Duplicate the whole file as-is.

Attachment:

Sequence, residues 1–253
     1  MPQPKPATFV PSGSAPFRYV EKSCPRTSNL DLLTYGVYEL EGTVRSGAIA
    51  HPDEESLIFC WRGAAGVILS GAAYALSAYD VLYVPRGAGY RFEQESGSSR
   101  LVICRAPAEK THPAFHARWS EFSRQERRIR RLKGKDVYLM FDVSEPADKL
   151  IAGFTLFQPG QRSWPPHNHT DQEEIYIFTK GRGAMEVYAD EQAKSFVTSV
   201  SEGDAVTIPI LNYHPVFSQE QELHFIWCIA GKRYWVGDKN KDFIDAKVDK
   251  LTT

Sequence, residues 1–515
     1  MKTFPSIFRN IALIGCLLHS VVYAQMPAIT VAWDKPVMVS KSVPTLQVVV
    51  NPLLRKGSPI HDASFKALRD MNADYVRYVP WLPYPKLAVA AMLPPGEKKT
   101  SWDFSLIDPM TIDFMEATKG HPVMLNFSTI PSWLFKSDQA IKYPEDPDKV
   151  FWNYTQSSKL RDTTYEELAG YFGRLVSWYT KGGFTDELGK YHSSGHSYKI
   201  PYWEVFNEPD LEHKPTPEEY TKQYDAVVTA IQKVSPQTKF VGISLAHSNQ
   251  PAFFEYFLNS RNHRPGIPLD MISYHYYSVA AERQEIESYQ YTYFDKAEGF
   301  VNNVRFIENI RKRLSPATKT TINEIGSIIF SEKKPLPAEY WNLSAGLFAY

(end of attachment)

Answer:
Sequence, residues 1–253
     1  MPQPKPATFV PSGSAPFRYV EKSCPRTSNL DLLTYGVYEL EGTVRSGAIA
    51  HPDEESLIFC WRGAAGVILS GAAYALSAYD VLYVPRGAGY RFEQESGSSR
   101  LVICRAPAEK THPAFHARWS EFSRQERRIR RLKGKDVYLM FDVSEPADKL
   151  IAGFTLFQPG QRSWPPHNHT DQEEIYIFTK GRGAMEVYAD EQAKSFVTSV
   201  SEGDAVTIPI LNYHPVFSQE QELHFIWCIA GKRYWVGDKN KDFIDAKVDK
   251  LTT

Sequence, residues 1–515
     1  MKTFPSIFRN IALIGCLLHS VVYAQMPAIT VAWDKPVMVS KSVPTLQVVV
    51  NPLLRKGSPI HDASFKALRD MNADYVRYVP WLPYPKLAVA AMLPPGEKKT
   101  SWDFSLIDPM TIDFMEATKG HPVMLNFSTI PSWLFKSDQA IKYPEDPDKV
   151  FWNYTQSSKL RDTTYEELAG YFGRLVSWYT KGGFTDELGK YHSSGHSYKI
   201  PYWEVFNEPD LEHKPTPEEY TKQYDAVVTA IQKVSPQTKF VGISLAHSNQ
   251  PAFFEYFLNS RNHRPGIPLD MISYHYYSVA AERQEIESYQ YTYFDKAEGF
   301  VNNVRFIENI RKRLSPATKT TINEIGSIIF SEKKPLPAEY WNLSAGLFAY